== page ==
The U.S. cyberattacked Iran in June, temporarily "wip[ing] out a critical database used by Iran’s paramilitary arm to plot attacks against oil tankers and degraded Tehran’s ability to covertly target shipping traffic in the Persian Gulf," the New York Times reported Wednesday.
Why go tell the Times about it (again)? At least “in part to quell doubts within the Trump administration about whether the benefits of the operation outweighed the cost — lost intelligence and lost access to a critical network used by the Islamic Revolutionary Guards Corps, Iran’s paramilitary forces.” In addition, “cyberoperations are hard to attribute and not always publicly acknowledged by either side.” So an open admission eliminates some of that guessing.
According to U.S. officials, the operation's effects on that Iranian database "have lasted longer than expected and Iran is still trying to repair critical communications systems and has not recovered the data lost in the attack." Read on, here.
President Trump has reportedly halted $250 million in military aid to Ukraine so his national security team can "ensure the money is being used in the best interest of the United States," Politico reported Wednesday. The plan would have allocated money for “training, equipment and intelligence support,” as well as some $50 million for weapons.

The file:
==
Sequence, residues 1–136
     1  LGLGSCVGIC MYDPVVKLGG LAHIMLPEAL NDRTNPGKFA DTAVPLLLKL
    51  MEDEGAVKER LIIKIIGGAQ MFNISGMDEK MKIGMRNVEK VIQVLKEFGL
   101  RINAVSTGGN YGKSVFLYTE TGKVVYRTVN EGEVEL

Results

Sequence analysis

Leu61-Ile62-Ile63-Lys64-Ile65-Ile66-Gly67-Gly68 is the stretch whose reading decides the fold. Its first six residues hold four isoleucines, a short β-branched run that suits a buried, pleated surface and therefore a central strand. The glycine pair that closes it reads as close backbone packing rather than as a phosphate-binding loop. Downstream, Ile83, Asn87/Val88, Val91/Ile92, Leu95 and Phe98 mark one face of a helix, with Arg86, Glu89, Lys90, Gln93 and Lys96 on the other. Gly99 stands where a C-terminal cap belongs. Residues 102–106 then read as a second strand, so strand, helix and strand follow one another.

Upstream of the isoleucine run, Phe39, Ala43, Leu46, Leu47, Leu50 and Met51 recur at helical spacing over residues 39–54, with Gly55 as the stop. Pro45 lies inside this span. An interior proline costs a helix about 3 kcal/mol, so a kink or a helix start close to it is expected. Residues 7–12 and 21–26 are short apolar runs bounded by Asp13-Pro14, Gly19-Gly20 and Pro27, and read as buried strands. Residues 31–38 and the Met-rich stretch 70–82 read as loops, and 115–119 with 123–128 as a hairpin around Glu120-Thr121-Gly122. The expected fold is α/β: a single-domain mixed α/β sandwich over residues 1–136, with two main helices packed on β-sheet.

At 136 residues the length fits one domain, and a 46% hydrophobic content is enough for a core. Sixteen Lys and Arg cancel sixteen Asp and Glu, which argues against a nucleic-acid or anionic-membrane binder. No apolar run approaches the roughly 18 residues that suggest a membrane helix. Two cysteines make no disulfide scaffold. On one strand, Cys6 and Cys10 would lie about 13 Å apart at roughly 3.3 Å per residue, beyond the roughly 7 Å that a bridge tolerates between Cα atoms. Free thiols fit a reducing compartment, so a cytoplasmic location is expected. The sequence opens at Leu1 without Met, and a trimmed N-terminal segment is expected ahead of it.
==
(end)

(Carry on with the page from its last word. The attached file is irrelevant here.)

For the record: “The funds for Ukraine can’t be spent while they’re under review and the money expires at the Sept. 30 end of the fiscal year,” Politico writes.
Reminder: Just a few weeks ago, Ukraine said it wanted to buy more Javelin anti-tank missiles to the U.S., potentially “add[ing] to its stock of 210 Javelin missiles and 37 launchers that the United States provided in April 2018,” Radio Free Europe / Radio Liberty reported on August 5.
Former SecDef Mattis delivered an epic interview with The Atlantic’s Jeffrey Goldberg for the October issue of the storied magazine. The two men spoke over the summer “at his home in Richland, Washington, and at the Hoover Institution, on the campus of Stanford University.”